The administration of pelargonidin protects against acetaminophen-induced hepatotoxicity. - GreenMedInfo Summary
Pelargonidin ameliorates acetaminophen-induced hepatotoxicity in mice by inhibiting the ROS-induced inflammatory apoptotic response.
Biochimie. 2020 Jan ;168:10-16. Epub 2019 Oct 25. PMID: 31669604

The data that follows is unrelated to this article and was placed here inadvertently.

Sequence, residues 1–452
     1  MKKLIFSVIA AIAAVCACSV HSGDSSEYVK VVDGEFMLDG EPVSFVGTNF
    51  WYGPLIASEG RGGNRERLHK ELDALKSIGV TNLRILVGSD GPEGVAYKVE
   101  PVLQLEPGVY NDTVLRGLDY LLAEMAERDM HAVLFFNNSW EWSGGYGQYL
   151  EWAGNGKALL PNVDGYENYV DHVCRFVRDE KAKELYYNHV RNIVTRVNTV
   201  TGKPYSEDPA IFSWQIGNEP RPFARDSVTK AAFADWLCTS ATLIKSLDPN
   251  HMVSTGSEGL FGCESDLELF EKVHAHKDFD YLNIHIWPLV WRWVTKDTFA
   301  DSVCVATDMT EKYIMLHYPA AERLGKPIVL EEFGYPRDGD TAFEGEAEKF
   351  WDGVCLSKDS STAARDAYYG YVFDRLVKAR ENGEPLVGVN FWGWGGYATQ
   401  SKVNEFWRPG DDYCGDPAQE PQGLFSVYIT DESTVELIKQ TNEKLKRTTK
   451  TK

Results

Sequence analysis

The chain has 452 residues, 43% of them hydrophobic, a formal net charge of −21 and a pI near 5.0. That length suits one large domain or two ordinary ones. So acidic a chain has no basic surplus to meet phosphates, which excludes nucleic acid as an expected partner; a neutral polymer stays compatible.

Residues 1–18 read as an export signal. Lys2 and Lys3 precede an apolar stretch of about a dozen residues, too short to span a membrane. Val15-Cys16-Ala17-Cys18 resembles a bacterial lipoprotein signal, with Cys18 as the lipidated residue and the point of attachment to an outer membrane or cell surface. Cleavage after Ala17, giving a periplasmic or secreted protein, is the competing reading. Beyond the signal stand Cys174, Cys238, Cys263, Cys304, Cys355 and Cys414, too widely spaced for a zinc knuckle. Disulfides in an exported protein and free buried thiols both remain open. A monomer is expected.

The common analgesic acetaminophen (N-acetyl-p-aminophenol, APAP) is non-toxic to the liver at therapeutic doses. However, an overdose of APAP can lead to APAP-induced liver failure, which has emerged as a serious issue in the US and Europe. Pelargonidin is an anthocyanidin found in pomegranates, plums, and various berries. Pelargonidin has strong antioxidant effects, directly scavenging superoxide radicals and inhibiting H₂O₂-induced lipid peroxidation. Focusing on these effects, we studied the preventative effect of pelargonidin on APAP-induced hepatotoxicity and its underlying mechanisms in vivo. We observed that pelargonidin mitigates serum alanine aminotransferase and aspartate aminotransferase activity, which are strongly associated with APAP-induced hepatotoxicity. We also found that pelargonidin reduced APAP-induced hepatic necrosis by removing excessive ROS. Hepatic necrosis stimulates the release of molecular pathogens that induce inflammation, which increases cell stress and can lead to apoptosis. Therefore, pelargonidin was able to reduce levels of necrosis, inflammation, and hepatocyte apoptosis. These results indicate that the administration of pelargonidin protects against APAP-induced hepatotoxicity and that it could be a novel protective strategy against APAP-induced liver failure.